Please help GreenTown realize this goal by donating (even $10 will help us out) and sharing our campaign at http://www.indiegogo.com/savemeadowlark. Thank you for your support!


The Case for Recycling Your Old Clothes


image credit: everyday cleaning tips

I just read a very interesting blog post where I learned more about what happens to the clothing we donate to Goodwill, Salvation Army, and similar organizations. The Afterlife of Used Clothing points out that about 20% of donated clothes is actually resold as is; much of the rest of it sent off to textile recyclers who use the material in a variety of ways:

"According to the trade organization Secondary Materials and Recycled Textiles (SMART), less than half of the clothing processed by textile recyclers is of a high enough quality to continue as clothing. About 20 percent of postconsumer apparel is so busted up it is sold to fiber buyers, who break it down into component fibers for reuse in a variety of products from insulation to carpet padding and building materials. Another 30 percent is sold to the industrial wiping-rag industry for about eight cents per pound. Only a small sliver, 5 percent, is thrown away."

Here is a link to SMART should you be interested in finding a textile recycler in your area. When you pass along those old t-shirts and jeans, you just never know where they might end up. It's fun to think about old clothing being repurposed into a product that will help keep people's homes warm in the winter.




Greensburg: A New Life Chapter


I am now a resident of Greensburg! I began work at Greensburg GreenTown on Monday,
September 3rd. I am very excited to begin working with the community of Greensburg and
sharing my interests in sustainability. I grew up in Omaha, Nebraska and studied at the University
of Nebraska at Lincoln. I received my Masters of Architecture last May. I have lived in Nebraska
for most of my life, but I had the opportunity to study abroad in Europe for one semester while
attending UNL. That experience gave me new insights into a variety of cultures and cities. Once I
graduated I began looking for a job that suited my interests. I am thrilled to say that my experience in
Greensburg has begun!                                                                                                                                                                          
The change of pace from a big city to a small town is significant, but there is certainly a presence
about Greensburg that separates it from other towns. The wind turbines and solar panels
throughout the buildings in Greensburg convey a sense of social progress. Biking in town is
another aspect of small town living that I am excited to utilize. In addition, the distance from my
house to the nearest grocery store is less than 10 minutes. Since the town is pratically new, the
aesthetic is very clean and unweathered. Whenever I enter a new building in town I feel as
though I am still in the city.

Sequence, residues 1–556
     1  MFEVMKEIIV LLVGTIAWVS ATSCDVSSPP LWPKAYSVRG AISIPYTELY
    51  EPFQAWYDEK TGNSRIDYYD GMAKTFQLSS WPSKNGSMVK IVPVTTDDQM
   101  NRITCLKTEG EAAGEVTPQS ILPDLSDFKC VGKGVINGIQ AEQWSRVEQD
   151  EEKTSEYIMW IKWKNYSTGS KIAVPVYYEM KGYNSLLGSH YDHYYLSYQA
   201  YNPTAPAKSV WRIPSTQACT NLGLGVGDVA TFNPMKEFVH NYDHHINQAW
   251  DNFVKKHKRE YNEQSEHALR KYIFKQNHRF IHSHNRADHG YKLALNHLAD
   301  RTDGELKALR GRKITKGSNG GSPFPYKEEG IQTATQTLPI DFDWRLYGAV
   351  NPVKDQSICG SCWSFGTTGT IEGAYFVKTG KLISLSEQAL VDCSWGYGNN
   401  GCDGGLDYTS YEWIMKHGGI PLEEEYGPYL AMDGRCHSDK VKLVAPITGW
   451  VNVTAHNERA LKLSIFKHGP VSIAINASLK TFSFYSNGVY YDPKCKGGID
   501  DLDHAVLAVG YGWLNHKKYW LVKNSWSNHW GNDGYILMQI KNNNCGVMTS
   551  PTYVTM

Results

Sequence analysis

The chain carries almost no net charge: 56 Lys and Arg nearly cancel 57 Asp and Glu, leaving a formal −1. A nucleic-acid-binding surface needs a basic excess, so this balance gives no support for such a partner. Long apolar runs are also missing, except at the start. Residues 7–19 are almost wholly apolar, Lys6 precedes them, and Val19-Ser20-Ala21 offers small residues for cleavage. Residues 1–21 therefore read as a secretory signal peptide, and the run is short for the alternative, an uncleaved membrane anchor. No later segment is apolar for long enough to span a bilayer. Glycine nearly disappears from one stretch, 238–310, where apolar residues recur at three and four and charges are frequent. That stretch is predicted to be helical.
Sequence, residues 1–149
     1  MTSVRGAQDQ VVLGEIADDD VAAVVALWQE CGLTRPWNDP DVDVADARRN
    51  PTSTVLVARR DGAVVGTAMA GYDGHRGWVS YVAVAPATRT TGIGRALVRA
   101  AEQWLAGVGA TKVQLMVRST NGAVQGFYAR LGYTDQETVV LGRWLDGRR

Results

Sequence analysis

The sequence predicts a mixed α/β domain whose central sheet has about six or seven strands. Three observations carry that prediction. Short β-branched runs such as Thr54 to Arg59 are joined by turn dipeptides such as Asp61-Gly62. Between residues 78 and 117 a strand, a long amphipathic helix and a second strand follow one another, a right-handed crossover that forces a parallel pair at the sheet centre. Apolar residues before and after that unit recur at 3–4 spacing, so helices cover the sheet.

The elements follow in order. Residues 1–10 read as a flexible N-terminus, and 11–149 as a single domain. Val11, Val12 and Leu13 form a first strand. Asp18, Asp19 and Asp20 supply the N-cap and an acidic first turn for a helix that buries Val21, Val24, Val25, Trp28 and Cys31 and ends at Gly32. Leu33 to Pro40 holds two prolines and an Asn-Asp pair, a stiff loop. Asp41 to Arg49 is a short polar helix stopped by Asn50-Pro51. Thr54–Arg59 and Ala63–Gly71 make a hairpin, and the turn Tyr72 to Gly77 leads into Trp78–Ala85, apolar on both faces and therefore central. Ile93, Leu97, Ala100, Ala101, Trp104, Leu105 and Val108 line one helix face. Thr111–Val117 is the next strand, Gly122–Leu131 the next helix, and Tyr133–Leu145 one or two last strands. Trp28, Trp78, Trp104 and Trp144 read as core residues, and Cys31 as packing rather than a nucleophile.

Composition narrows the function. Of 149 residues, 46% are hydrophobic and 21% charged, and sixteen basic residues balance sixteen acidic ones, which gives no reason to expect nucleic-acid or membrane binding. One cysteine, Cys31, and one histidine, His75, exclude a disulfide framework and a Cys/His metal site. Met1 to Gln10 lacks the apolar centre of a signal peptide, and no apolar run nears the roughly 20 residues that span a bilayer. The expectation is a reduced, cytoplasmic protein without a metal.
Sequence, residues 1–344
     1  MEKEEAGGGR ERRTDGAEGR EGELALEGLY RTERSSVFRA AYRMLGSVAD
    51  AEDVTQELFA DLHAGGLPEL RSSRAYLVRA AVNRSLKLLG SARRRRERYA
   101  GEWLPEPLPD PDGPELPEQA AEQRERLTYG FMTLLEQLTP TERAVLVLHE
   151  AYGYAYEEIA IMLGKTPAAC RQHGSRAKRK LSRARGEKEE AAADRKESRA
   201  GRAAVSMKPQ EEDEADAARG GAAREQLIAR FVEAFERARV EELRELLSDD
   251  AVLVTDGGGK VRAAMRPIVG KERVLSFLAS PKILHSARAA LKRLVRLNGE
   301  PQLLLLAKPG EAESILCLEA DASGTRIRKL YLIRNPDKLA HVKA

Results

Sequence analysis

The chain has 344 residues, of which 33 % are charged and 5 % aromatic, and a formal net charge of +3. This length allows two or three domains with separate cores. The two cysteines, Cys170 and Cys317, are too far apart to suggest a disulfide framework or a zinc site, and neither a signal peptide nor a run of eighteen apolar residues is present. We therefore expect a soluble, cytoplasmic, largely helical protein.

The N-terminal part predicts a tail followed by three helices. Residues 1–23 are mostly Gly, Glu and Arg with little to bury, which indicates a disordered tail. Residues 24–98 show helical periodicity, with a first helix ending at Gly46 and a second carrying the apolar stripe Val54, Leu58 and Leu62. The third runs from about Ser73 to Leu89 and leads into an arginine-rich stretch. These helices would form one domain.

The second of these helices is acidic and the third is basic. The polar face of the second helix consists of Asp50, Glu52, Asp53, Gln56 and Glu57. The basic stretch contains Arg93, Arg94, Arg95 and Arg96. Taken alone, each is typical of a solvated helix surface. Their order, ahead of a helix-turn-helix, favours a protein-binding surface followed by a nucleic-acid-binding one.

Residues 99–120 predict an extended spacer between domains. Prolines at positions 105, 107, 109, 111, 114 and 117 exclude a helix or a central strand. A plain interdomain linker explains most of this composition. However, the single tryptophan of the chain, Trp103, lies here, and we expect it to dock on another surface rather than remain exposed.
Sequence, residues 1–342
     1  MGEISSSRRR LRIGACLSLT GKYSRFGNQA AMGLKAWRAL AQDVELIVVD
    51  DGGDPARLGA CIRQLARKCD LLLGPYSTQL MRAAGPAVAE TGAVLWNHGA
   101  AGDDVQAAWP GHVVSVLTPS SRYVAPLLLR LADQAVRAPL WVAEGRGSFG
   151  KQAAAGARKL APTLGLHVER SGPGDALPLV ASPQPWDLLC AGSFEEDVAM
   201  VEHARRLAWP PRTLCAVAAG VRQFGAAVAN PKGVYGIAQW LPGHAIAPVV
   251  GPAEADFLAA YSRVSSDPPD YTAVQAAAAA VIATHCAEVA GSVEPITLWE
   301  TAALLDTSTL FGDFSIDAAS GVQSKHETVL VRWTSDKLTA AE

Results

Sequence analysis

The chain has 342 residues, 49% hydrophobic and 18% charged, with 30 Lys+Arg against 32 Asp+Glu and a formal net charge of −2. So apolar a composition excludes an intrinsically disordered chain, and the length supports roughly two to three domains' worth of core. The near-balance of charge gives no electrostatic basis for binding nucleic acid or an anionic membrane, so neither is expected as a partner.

Even before I moved here, I was aware of Greensburg's goal for sustainable rebuilding. I remember
watching the Discovery Channel series about the inital rebuilding of Greensburg back in 2008. I
watched the construction of the 5.4.7 Arts Center by the University of Kansas graduate Design-Build
course. I remember being captivated by this town and I stored the story of Greensburg in
the back of my mind during my study at UNL. I never would have predicted that I would find
myself working in Greensburg after all. While the series gave me perspective on the inital
rebuilding efforts, I was impresssed by the amount of progress and built work when I toured
Greensburg at the beginning of the summer. Five years after the disaster, Greensburg remains
an inspiration to me as a beacon for sustainable growth. Now that I am involved with GreenTown
I want to help promote sustainability in a way that gives inspiration to other towns faced with
similar circumstances.                                                                                                                                                                                                  
There are quirks of Greensburg that I have discovered that make the experience of living here
unique for me. The Greensburg street names are interesting. From east to west the
streets are named after states and presidents. I was happy to see that one of the streets was
named Nebraska when I first moved down. From north to south the streets have names related to
different types of trees. Although, when you ask for directions not many locals remember the
street names, rather they give you directions based on the landmarks in town.                                                                                          
I am blessed to be given an opportunity to be directly involved with GreenTown's projects both
locally and nationally. I am looking forward to many new experiences within the year!


Here I am on top of the GreenTown Silo Eco-Home.


It's Time to Register!